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ROCKET SCIENCE
Aerojet Propellant-Saving Xenon Ion Thruster Exceeds 30,000 Hours

illustration only
by Staff Writers
Sacramento CA (SPX) Jun 30, 2010
Aerojet, reports that its innovative ion propulsion engine - built in partnership between Aerojet and NASA's Glenn Research Center - has completed a test series encompassing the requirements of a wide range of ambitious space missions, including the recently announced Flagship Technology Demonstrator first mission (FTD-1).

The thruster was developed under NASA's Evolutionary Xenon Thruster (NEXT) program as the next generation beyond the ion engines now propelling the Dawn spacecraft to a pair of asteroids. The NEXT engine has been in operation for more than 30,000 hours at NASA's Glenn Research Center in Cleveland, Ohio.

By providing a small, constant thrust over long periods of time, the thruster accelerates spacecraft to thousands of kilometers per hour - all while using less than a tenth of the propellant of a conventional, chemically based rocket. Such efficiency will allow spacecraft to reach more interesting and more difficult scientific targets throughout the solar system.

With NASA now considering human flights to asteroids and even Mars, this critical capability greatly reduces the amount of propellant that must be used for a launch.

"When we take humans to Mars, we will leverage advances in technology like this," said Mike Patterson, NEXT principal investigator and senior propulsion technologist at Glenn Research Center. "The NEXT system occupies a prominent place in our phased infrastructure development plan for Martian exploration, and is being considered for a flight experiment on future NASA Flagship missions."

In operation, the xenon ions are accelerated to speeds of up to 40,000 meters per second, making NEXT the latest and by far the most powerful in a class of high-efficiency ion thrusters propelling spacecraft on several science missions. However, this is little noticed outside the advanced space propulsion community.

NASA's Glenn Research Center manufactured the test engine's core ionization chamber. Aerojet designed and built the ion acceleration assembly, which is key to the long life and high performance of the thruster.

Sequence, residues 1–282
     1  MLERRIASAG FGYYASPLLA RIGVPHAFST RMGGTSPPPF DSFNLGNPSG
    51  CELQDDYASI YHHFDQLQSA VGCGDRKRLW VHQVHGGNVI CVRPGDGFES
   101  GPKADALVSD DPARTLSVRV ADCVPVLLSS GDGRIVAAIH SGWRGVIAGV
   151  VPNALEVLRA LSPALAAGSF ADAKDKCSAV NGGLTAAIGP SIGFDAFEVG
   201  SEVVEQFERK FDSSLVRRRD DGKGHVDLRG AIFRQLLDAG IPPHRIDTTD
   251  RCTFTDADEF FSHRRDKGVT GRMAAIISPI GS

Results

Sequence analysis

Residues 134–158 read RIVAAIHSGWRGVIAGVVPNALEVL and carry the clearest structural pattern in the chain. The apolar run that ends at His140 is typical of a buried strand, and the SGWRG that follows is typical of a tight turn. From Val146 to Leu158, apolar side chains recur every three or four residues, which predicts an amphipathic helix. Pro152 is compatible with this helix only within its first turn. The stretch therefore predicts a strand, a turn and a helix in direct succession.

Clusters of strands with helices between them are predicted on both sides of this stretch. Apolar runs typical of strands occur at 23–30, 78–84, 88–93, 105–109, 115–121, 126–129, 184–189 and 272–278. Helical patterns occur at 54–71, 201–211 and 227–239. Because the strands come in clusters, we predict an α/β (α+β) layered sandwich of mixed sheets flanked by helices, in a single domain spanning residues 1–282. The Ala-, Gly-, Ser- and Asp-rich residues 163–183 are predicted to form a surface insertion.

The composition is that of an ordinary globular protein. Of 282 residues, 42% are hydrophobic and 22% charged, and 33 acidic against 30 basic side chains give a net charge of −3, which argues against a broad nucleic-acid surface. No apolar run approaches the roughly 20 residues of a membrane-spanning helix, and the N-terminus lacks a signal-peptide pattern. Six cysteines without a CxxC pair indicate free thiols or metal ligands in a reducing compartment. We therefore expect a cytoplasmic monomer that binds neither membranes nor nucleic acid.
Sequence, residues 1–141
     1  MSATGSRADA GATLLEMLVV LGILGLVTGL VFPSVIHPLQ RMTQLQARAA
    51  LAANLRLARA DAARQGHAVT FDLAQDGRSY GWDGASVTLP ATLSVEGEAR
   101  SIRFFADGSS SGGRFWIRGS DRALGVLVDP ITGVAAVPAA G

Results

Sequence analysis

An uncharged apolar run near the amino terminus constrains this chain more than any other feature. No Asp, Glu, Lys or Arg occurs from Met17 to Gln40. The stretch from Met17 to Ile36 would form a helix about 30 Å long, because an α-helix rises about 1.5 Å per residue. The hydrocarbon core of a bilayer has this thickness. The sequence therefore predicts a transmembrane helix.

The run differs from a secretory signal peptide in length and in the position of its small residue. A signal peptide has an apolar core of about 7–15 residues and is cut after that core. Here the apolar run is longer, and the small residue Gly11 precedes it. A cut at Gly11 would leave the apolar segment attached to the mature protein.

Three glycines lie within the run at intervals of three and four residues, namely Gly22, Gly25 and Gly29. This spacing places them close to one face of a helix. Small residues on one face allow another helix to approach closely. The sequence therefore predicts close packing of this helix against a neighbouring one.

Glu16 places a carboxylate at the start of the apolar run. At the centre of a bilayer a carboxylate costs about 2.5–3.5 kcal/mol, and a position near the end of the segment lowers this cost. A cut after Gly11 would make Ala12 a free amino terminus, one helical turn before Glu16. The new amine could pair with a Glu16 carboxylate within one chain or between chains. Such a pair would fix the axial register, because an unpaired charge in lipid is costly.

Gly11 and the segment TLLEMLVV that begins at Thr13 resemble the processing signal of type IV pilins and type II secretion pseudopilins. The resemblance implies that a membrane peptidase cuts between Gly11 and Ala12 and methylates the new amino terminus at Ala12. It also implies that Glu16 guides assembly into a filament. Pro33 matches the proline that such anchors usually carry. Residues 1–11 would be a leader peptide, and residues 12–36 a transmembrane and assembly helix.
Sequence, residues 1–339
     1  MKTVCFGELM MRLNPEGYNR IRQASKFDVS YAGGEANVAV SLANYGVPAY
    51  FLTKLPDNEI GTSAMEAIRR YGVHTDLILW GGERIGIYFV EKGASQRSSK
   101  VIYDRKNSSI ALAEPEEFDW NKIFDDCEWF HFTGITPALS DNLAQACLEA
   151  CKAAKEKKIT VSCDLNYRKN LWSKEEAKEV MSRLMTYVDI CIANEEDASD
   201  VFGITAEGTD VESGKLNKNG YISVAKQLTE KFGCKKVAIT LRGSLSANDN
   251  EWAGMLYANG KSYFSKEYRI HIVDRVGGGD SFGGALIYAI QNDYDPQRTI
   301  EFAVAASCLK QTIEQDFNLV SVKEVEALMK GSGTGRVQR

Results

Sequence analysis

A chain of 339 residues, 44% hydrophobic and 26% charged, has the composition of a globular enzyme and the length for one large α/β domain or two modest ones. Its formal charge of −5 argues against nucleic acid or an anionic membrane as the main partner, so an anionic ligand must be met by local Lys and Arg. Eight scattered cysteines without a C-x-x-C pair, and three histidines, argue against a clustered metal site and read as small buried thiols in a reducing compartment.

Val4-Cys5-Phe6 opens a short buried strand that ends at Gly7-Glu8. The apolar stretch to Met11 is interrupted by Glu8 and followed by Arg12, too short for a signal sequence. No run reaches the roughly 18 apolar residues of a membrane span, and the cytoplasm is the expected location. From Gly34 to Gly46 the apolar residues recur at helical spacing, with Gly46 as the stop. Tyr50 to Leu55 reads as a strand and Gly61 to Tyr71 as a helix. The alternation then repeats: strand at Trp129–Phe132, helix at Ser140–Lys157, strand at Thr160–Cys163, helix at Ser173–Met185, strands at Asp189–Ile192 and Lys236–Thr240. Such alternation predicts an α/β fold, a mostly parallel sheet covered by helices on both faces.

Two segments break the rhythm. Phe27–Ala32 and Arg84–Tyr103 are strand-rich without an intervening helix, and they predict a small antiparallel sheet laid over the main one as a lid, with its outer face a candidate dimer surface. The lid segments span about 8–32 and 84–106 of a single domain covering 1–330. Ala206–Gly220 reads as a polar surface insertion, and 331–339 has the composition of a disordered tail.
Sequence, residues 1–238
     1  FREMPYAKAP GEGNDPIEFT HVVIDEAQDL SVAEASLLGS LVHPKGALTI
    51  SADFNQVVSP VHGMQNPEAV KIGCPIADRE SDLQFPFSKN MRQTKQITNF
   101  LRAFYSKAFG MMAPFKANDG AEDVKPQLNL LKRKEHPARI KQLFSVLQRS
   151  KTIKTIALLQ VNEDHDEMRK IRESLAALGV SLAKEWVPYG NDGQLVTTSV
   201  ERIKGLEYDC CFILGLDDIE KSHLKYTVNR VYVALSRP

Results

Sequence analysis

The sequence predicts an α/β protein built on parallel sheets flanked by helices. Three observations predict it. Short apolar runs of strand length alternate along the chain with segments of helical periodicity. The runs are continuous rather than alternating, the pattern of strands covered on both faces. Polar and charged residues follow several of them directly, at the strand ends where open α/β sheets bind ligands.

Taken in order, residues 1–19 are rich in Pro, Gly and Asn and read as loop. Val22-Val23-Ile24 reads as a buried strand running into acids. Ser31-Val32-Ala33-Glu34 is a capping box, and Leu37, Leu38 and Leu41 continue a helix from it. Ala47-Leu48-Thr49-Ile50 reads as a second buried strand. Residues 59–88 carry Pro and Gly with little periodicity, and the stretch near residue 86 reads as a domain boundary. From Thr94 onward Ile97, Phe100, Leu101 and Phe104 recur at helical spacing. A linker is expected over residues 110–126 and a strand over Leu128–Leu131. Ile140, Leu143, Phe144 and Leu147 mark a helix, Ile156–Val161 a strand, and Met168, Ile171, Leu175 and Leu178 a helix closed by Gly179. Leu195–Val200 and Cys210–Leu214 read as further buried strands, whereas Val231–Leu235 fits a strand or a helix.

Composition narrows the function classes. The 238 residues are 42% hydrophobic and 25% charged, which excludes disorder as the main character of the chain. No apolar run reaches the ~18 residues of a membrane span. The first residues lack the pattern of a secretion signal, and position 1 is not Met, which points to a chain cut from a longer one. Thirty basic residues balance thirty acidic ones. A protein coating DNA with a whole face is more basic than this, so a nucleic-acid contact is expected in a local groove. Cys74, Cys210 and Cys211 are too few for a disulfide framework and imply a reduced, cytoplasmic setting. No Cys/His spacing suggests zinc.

This acceleration assembly has more than 25,000 holes precisely etched in a pair of thin plates 20 inches across, but separated by only a few thousandths of an inch. These plates must maintain their precise alignment and spacing while operated at high voltage and high temperatures.

"This is an incredible feat of engineering by our designers, building on decades of experience at NASA," said Andy Hoskins, Aerojet's technical principal for Electric Propulsion.

"The performance of this engine demonstrates the breadth of Aerojet's capabilities and its commitment to provide the highest quality propulsion systems for any space mission."

The NEXT project is a joint technology and engineering development program led by NASA Glenn to develop a next generation electric propulsion system, including power processing, propellant management and other components.



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ROCKET SCIENCE
NASA interplanetary spacecraft sets record
Pasadena, Calif. (UPI) Jun 8, 2010
NASA says its ion-propelled Dawn spacecraft - en route to explore two of the asteroid belt's most massive objects - has set a record for velocity change. Officials said the record previously held by NASA's Deep Space 1 - the first interplanetary spacecraft to use ion propulsion - fell Saturday when Dawn's accumulated mission acceleration exceeded 4.3 kilometers per second - 9,600 m ... read more







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